Dally (72) reported a varied picture of premorbid problems. In his study, 44 percent of Groups I and II had an earlier episode of anorexia nervosa. Patients who developed anorexia nervosa at or shortly after marriage were more likely to have had a previous anorexic episode. The post-menopausal group had no prior episode but displayed transitory eating disorders with weight loss and food fads in earlier years.

Most patients desiring a child hoped for a close mother-child relationship but were fearful of both childbirth and the responsibility of being a good mother. The older group (IV) had more conflicts concerning motherhood, were sick and depressed in pregnancy, and were depressed and anxious during the child's assertive stage. The child's developmental issues may have stirred up their own unresolved conflicts centering on identity and separation-individuation.

Marital conflicts were manifest in all groups, centered around closeness and intimacy. The patients felt themselves to be failures, unlovable, and greedy. Husbands, who were classified in three categories (I-III), were considered immature and over-idealized by their wives. They felt anger at the anorexic behavior and either colluded in the wife's illness, which created a strong dependency bond (50 percent), or emotionally detached themselves, putting their energy into another relationship.

No consistent family interactional patterns were recognized from Groups I and II. However, patients from Group I through Group III were strongly dependent on their parents, even if they had married, raised children, and lived apart from their family of origin (72).

The course of anorexia nervosa in later life is variable. Crips (84) notes that some chronic anorexic patients who have the illness throughout their reproductive life (puberty to menopause) shed the illness at menopause, while others remain ill, surviving as "isolated, eccentric, and wizened old ladies."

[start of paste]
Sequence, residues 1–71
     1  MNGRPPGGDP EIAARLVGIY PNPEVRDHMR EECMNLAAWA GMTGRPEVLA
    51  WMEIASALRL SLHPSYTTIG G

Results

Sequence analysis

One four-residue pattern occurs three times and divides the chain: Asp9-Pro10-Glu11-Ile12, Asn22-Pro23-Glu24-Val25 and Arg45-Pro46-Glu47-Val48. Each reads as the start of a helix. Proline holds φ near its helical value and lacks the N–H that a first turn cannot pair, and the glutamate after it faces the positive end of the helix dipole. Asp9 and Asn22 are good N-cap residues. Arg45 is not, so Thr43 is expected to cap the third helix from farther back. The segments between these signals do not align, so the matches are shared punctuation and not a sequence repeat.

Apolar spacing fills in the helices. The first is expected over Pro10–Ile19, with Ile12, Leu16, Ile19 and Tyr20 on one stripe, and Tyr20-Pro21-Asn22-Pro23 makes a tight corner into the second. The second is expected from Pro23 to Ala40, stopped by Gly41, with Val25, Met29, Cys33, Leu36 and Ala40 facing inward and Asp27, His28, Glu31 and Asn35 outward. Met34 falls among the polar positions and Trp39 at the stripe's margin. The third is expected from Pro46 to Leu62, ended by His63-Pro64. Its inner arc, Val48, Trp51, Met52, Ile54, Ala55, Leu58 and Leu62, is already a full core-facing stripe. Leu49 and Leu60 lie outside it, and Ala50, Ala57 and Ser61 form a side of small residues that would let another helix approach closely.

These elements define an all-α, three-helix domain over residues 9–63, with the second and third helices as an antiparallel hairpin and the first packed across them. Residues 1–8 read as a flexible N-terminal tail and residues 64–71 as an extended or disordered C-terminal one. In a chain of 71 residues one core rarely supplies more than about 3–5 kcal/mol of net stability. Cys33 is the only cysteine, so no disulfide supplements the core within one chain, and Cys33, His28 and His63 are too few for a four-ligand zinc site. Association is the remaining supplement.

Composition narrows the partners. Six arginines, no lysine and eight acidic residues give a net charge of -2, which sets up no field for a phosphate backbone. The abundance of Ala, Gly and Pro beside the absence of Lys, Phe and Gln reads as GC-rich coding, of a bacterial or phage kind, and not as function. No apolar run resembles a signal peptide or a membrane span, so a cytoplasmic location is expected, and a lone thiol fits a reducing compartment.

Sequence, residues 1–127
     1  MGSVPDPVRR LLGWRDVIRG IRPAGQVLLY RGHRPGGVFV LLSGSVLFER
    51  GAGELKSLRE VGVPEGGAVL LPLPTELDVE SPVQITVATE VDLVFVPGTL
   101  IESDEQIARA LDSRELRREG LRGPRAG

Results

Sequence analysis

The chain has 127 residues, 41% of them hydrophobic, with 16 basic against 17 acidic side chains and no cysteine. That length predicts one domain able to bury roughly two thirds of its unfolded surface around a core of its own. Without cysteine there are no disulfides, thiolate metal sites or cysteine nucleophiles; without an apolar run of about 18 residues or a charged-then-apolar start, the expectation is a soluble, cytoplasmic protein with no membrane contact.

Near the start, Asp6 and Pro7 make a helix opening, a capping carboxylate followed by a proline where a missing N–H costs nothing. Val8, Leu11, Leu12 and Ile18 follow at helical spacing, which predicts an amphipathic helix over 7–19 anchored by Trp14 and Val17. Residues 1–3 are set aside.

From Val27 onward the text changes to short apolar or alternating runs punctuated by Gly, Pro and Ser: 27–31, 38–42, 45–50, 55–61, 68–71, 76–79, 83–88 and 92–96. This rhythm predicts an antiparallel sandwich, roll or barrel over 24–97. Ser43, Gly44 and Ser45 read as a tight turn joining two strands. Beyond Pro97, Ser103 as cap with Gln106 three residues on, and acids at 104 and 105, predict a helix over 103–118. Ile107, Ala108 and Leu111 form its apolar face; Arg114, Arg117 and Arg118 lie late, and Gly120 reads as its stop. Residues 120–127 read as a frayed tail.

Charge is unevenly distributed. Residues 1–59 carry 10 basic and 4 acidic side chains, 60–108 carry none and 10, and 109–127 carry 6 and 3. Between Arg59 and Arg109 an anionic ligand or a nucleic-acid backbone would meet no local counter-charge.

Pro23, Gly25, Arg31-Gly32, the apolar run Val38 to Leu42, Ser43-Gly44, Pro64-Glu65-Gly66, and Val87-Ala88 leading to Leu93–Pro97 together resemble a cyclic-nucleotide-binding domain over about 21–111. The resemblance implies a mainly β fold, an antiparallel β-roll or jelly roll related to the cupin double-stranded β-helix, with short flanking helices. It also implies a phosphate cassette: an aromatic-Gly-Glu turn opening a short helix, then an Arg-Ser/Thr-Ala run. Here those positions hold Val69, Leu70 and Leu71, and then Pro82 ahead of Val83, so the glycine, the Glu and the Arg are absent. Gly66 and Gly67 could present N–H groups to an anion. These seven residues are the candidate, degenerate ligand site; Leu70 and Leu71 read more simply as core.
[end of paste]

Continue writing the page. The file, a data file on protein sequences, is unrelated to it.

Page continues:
Vandereycken (74) conceptualizes anorexia as an incurable illness in some patients with spontaneously occurring remissions and exacerbations. This chronic course seen in older patients is a form of "process" anorexia nervosa, as differentiated from a more "reactive," self-limited disorder seen in younger, mainly adolescent patients. Furthermore, Vandereycken likens anorexia, with or without bulimia, to an addiction, including the development of malignant autonomy, apparent physical dependency, social descent, and physical deterioration.

Dally (72) notes that Group IV post-menopausal-onset anorectics are markedly depressed and suicidal and may have a more ominous course than their younger counterparts. Treatment of the late-onset patient is complex, and risks such as a psychotic reaction or suicidal depression may occur with refeeding.

Treatment modalities should include nutritional counseling and individual psychotherapy. Family therapy with the spouse and children is indicated to work through family conflicts and disruptions associated with illness. The use of a psychotrpic medication in older anorexic patients to increase weight or mood has not been evaluated. In Dally's Group IV menopausal anorectics with major depressive disorder, a clinical trial of a tricyclic antidepressant may be useful.

Though some patients with late onset or chronic anorexia nervosa may recover after intensive treatment, patients failing to maintain their weight at four- to eight-year followups may have to inevitably recognize their decision to remain anorectics. In these cases, the goal of treatment is to minimize the physical and emotional handicaps of the disease.

Vandereycken (74) raises ethical questions concerning treatment of chronic anorectics and bulimics. Although the patients may feel life is barren with anorexia, life may become even more barren and painful without it. Furthermore, chronic bulimics can organize their life around the bulimia, with bulimic episodes becoming "institutionalized."

Anorexia nervosa after adolescence may occur in women who have not worked through developmental issues of identity or separation-individuation. They remain dependent on their parents and, to a lesser extent, on their husbands. They feel ineffective, dependent, and conflicted due to their ideal wish to be a "good" mother and wife. Unable to control their lives, they control their bodies, returning to a state of "goodness" by developing anorexia nervosa.

Women beyond age 25 who develop an anorexia syndrome and whose medical examinations fail to demonstrate another etiology should be carefully evaluated for anorexia nervosa as a positive diagnosis.